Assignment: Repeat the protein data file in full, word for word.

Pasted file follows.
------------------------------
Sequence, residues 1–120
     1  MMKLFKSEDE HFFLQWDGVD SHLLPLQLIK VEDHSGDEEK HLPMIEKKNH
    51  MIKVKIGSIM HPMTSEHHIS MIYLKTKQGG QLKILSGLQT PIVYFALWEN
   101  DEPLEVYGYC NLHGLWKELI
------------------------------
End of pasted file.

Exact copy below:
Sequence, residues 1–120
     1  MMKLFKSEDE HFFLQWDGVD SHLLPLQLIK VEDHSGDEEK HLPMIEKKNH
    51  MIKVKIGSIM HPMTSEHHIS MIYLKTKQGG QLKILSGLQT PIVYFALWEN
   101  DEPLEVYGYC NLHGLWKELI